Book: Gangs of Jamaica: The Babylonian Wars by Thibault Ehrengardt
Contributor, Dr Glenville Ashby
Thibault Ehrengardt pens a provocative work that transcends the violence and mayhem that bleed through its every page. This is clinical journalism. It is insightful, investigative and written with sheer brilliance. It is how a story should be told. It is raw and cutting, dragging the reader into the trenches of an urban battlefield.
Gangs of Jamaica: Babylonian Wars reads like Ehrengardt’s intimate diary. Given rare access to the gangs that litter Jamaica’s urban landscape, he is mindful of not overplaying his hand with sensationalism. He is measured, deftly detailing the cesspool of wanton viciousness that weighs heavily on Jamaica Constabulary Force, an agency that is mandated to hit back at urban warlords. But when they do, we are reminded of Friedrich Nietzsche’s famous quote: “Be careful when you fight with monsters, lest you become one.”
The dramatic capture and extradition of Christopher ‘Dudus’ Coke that resulted in damning political repercussions for the JLP, does not escape the writer’s radar. It is a defining moment. It is also the underbelly of Jamaica’s violence – a sacrilegious marriage between career politicians and hoodlums.
Here, crime is the offspring of corrupt politicians who carve out garrisons or fiefdoms, doling out cash, contracts and even guns for enduring political support. It is an internecine quid pro quo that germinated in the 1970s and grew to incorrigible proportions in the 1980s and 1990s. The “Dons” collected taxes and supposedly maintained law and order.
With crime on the decline over the last two years and concerted efforts made to weed out crooked cops, we must ask if civility will return to Jamaica, especially with the downfall of the island’s biggest “Don” and the return of the PNP? This is the $64,000 question. The writer is not overly hopeful. Jamaica is a violent society and crime is systemic and institutionalised, he argues. In the 1980s, it had spread like a deadly virus, destabilizing the inner cities of the US with the proliferation of drugs and guns, courtesy of the Gulleymen, the Yardies and Vivian Blake’s Shower Posse.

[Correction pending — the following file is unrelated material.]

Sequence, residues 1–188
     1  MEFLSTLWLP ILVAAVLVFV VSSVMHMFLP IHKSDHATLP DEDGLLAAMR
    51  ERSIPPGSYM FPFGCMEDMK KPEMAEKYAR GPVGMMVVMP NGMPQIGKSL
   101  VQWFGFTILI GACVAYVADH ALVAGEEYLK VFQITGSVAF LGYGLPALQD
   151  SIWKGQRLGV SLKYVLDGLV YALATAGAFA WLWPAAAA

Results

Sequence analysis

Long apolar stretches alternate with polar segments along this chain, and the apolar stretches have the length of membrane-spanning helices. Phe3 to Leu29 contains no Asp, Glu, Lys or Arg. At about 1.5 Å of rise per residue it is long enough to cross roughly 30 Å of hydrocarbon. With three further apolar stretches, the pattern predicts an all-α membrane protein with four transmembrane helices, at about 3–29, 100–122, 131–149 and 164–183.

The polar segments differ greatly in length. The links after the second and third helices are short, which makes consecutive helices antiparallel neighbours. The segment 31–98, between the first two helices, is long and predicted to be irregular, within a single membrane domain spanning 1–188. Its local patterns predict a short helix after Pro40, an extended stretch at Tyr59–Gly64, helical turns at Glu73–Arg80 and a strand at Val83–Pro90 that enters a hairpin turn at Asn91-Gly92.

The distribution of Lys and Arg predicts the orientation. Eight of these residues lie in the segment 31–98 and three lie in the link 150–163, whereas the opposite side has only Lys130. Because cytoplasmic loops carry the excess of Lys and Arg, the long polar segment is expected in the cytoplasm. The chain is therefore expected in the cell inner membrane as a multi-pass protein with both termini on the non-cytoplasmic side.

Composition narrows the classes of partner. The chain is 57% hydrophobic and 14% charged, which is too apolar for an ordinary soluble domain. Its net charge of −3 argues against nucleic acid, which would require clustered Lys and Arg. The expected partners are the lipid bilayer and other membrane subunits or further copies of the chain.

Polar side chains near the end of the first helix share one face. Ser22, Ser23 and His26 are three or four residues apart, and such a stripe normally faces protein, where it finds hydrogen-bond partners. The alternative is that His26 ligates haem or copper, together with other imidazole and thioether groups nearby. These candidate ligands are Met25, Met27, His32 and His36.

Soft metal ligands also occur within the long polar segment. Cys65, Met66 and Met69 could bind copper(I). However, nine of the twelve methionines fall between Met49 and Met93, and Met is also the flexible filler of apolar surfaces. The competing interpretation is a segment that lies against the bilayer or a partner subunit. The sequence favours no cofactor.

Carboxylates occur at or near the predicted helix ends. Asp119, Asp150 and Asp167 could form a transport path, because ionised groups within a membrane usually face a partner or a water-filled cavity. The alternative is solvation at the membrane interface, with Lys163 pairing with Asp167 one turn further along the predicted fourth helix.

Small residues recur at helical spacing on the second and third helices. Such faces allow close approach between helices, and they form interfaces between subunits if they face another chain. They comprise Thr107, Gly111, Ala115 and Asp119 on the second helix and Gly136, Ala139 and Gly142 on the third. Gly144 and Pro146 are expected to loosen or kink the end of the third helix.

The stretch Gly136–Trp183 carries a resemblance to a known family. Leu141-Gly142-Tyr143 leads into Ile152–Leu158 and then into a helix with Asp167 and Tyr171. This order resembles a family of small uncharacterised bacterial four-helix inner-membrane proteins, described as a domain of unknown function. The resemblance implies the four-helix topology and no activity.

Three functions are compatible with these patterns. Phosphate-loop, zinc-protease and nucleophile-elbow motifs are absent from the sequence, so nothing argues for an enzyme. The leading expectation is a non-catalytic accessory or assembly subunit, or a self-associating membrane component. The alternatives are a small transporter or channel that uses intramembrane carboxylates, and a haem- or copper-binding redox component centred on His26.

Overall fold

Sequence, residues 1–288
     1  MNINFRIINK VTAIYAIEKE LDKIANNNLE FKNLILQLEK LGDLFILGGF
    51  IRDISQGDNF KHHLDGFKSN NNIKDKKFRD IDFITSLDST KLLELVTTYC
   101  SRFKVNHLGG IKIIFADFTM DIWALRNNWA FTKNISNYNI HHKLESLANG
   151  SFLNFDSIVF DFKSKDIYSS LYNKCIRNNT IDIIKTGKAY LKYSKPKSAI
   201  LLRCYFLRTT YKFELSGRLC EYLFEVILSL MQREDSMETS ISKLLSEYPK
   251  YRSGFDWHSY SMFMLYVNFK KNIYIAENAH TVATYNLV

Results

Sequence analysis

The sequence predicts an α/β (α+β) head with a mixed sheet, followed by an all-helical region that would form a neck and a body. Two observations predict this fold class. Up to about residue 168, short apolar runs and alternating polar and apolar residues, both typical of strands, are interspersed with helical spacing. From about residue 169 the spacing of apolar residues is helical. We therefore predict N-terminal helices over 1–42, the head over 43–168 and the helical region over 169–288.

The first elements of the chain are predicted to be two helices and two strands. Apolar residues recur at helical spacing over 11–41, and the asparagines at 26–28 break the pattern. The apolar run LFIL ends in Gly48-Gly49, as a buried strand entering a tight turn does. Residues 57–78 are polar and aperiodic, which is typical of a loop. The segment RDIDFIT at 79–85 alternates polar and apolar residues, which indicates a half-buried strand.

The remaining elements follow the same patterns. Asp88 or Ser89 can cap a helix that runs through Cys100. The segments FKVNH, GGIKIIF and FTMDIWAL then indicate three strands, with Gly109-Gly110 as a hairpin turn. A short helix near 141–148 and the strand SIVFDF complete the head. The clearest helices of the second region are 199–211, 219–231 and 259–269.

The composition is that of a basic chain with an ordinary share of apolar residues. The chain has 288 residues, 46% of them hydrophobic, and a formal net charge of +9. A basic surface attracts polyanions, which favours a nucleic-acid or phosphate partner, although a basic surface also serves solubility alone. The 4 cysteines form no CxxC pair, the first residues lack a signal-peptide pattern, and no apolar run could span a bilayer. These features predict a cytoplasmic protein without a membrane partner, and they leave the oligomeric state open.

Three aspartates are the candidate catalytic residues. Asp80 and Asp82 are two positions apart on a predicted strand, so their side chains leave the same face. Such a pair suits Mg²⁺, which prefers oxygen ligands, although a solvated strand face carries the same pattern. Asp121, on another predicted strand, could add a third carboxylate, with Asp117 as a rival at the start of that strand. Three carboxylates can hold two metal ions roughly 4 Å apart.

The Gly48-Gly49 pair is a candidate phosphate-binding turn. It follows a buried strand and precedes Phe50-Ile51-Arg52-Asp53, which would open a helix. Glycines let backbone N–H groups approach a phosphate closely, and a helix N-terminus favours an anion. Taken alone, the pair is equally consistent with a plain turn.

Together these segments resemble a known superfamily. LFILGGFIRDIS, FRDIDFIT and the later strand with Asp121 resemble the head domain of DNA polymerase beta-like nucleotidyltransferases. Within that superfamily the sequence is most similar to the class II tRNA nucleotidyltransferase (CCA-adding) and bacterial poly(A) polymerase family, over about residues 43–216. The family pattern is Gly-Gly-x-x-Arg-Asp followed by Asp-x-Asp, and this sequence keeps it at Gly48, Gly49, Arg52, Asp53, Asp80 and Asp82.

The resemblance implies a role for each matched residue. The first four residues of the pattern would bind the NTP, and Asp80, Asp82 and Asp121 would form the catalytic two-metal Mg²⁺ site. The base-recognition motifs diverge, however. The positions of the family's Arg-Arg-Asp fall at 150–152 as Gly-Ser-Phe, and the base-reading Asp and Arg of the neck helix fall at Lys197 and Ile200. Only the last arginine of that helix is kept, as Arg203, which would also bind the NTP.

“The Gangs of Jamaica” chronicles a society turned on its head. Poverty, despair, greed, drugs, prostitution and murder create a social catacomb. Crooked cops and politicians add to an asphyxiating crisis – one that will take years to remedy. Not that law enforcement isn’t trying. The Major Organized Crime and Anti Corruption unit has nabbed scores of “dirty” cops and PNP’s political brass has vowed to clean house. But skepticism persists.
The Constabulary Force is hamstrung by a shortage of advanced technology in intelligence gathering, logistical problems, corrupt personnel and officers who have psychologically unraveled under the pressures of an unforgiving profession. But there are officers who are worth their salt. The reader is introduced to hard working officers such as, Sasha and Sergeants Adams and McKenzie of the Mobile Reserve. And the legend of Trinity and Renato Adams – the ‘Schwarzeneggers’ of law enforcement in earlier years are juxtaposed with Rico, Ricardo Hilton, Duane Waxteen and ‘Dudus,’ some of the most notorious gangsters. And in a twisted way, in this business of gangsterism, “until you are known as a monster you are not a star.” In this battle of wills, we hear all sides including the views of National Security Minister, Peter Bunting and those of Commissioner Owen Ellington.